You’re going to see all of these tools and immediately want to read about allof them, figure out which are best for you, and spend more time than you wantclicking and scrolling and downloading today.
“As to methods; there may be a million and then some, but principles are few. The man who grasps principles can successfully select his own methods. The man who tries methods, ignoring principles, is sure to have trouble.”
— RALPH WALDO EMERSON
Ignore the outdated sexism. Ralph isn’t a bad guy, I swear.
The point is to focus on what’s important, and NOT the method/tool used to get the result you want.
Here’s how to tackle this list:
Think of ONE thing that’s killing your time right now.
Then, and only then, should you scan this list and look for a solution to thatone thing. If you find it, go for it! If not, you can always come back to this laterwhen you’re in the shower thinking; “Ah, man, there’s this one thing that’s just eating up my day.”
Remember that your productivity is not going to decrease because you didn’texhaustively read this list.
But it could decrease for today if you spend time looking at stuff that’sirrelevant to your projects and try to solve ALL of your problems at once.
It’s a psychological technique called “chunking.” Basically, we just take big things and make them small things.
For example, which of these is easier to remember?
We “chunk” information all the time. It’s the only way we stay sane.
It’s the same for your tasks.
Focus on ONE thing that matters today. Master that. Then move to the next thing.
Don’t try to do everything at once.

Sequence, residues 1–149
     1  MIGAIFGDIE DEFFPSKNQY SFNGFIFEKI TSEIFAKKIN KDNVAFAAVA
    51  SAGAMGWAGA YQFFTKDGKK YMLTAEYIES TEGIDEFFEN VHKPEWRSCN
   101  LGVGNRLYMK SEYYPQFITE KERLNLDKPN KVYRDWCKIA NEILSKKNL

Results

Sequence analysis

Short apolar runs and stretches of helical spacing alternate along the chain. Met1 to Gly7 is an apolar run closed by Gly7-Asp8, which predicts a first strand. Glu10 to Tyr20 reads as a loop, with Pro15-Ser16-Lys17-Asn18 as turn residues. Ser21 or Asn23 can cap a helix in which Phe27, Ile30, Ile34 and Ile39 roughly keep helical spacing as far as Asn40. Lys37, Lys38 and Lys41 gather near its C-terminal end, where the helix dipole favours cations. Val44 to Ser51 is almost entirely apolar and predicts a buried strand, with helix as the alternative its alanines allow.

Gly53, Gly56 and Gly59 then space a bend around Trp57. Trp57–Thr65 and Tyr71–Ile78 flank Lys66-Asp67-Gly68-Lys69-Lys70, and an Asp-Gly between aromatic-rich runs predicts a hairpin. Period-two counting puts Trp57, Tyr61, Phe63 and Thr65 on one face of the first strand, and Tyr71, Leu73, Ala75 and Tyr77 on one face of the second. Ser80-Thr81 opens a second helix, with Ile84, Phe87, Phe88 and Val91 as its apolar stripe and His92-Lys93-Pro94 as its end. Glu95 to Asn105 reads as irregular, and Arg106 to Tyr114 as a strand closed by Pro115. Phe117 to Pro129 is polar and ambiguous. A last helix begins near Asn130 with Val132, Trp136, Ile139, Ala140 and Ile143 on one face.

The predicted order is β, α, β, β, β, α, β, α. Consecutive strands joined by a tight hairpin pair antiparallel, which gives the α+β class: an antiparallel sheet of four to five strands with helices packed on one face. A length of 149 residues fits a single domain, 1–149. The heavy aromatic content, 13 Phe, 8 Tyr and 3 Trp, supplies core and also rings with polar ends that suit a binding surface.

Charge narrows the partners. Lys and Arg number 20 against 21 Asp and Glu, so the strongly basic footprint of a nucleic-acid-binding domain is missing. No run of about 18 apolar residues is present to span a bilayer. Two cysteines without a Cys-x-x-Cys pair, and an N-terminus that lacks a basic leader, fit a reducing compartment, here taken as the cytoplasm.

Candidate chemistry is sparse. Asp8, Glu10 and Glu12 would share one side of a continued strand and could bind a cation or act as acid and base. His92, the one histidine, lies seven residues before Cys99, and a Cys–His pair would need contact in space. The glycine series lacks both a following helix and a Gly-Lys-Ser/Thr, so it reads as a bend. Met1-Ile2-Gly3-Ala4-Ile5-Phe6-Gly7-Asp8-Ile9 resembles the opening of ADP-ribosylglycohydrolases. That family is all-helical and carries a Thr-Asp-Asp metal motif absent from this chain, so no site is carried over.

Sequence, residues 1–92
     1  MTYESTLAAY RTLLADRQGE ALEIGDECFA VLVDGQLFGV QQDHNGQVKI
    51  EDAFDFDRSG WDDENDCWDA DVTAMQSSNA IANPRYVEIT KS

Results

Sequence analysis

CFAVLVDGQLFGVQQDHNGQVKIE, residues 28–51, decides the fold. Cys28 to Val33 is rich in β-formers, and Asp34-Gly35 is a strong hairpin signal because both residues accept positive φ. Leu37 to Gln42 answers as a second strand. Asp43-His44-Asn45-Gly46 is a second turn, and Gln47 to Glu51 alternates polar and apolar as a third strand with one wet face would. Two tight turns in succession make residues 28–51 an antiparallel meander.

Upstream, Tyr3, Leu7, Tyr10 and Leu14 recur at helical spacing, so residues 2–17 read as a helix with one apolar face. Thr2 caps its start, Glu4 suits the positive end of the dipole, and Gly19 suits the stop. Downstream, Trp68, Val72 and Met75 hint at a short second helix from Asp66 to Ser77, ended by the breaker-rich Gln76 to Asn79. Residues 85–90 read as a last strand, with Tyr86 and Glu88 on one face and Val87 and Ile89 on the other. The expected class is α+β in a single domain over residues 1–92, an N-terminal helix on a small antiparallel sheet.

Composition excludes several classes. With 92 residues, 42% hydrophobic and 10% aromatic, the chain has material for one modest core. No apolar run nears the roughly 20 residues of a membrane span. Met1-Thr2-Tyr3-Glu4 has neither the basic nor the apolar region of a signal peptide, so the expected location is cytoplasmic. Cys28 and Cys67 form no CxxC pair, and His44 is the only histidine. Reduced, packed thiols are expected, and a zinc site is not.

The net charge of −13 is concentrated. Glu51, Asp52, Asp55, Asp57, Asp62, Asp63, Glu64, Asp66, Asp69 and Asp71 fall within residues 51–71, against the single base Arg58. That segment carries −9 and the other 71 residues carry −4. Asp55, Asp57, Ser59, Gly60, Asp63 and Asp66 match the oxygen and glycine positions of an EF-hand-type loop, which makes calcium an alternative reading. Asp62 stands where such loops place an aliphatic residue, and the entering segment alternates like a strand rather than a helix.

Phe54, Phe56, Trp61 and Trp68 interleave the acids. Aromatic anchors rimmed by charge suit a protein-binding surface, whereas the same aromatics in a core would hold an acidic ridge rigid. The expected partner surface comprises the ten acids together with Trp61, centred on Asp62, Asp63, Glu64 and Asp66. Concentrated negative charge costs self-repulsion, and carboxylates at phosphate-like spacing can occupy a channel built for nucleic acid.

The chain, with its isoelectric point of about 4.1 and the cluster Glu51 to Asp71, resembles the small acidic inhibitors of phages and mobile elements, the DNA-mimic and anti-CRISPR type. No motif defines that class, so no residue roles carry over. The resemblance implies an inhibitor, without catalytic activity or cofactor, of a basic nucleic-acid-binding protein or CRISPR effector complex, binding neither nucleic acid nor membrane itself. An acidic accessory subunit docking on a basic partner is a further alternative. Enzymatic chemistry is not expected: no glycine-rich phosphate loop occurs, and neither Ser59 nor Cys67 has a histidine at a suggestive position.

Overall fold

“I’m spending too much time emailing.”
Then focus on finding an email consolidator.
“I’m wasting time trying to schedule meetings with my team.”
Then focus on finding a scheduling assistant or automator tool.
24 Productivity Tools:
(Spoiler alert: some of them aren’t apps.)
In no predetermined order.
1. Unroll.me — Email reduction.
Roll all of your subscriptions and promotions into one, digestible email. I don’t know how I’d get by without this.
2. Evernote — All your thoughts, quickly searchable, in one place.
Pay for the premium version and you can search for text in hand-written notes. Great for looking up those whiteboard meetings.
3. Scannable — Scan documents with your iPhone
and upload to Evernote or the cloud, your iCloud account, Google Drive, or to an email address. It’s mostly fast, but make sure the document is on a different colored background.
4. Google Drive — All of your data, available at any time
. . . in the cloud. Great for businesses. My whole life is here.
5. Calm.com — Meditation for newbs.
The optional audio guidance is super helpful.
6. Sleep Time— An alarm clock
that syncs with your sleep cycle. Kinda cool. I’m still skeptical about how well this method of sleep tracking actually works. I use this particular app because it syncs with Argus, another activity app I use.
The real value here is in ‘tags.’ Label each night’s sleep with tags like “Ate late,” “Not my bed,” or “Had caffeine today.” This way you can correlate good nights’ sleep with your behaviors to make better decisions.
7. Trunk Club — Personal stylist, and wardrobe management.
“Men hate to go shopping, but love to look good.” Offer up your dimensions and get paired with someone who can pick out clothes that look good on you. If you don’t like it, send it back. You pay for only what you keep.
7. IfTTT — Web triggers that automate boring tasks.
8. Zapier — Automates like IfTTT, with some different software integrations.
This one is a little more business focused. Love this for transferring files between different Google Drive accounts.
9. Mint — The best, simplest free personal finance tool available.
The whole concept of an app is to conveniently deliver content and services to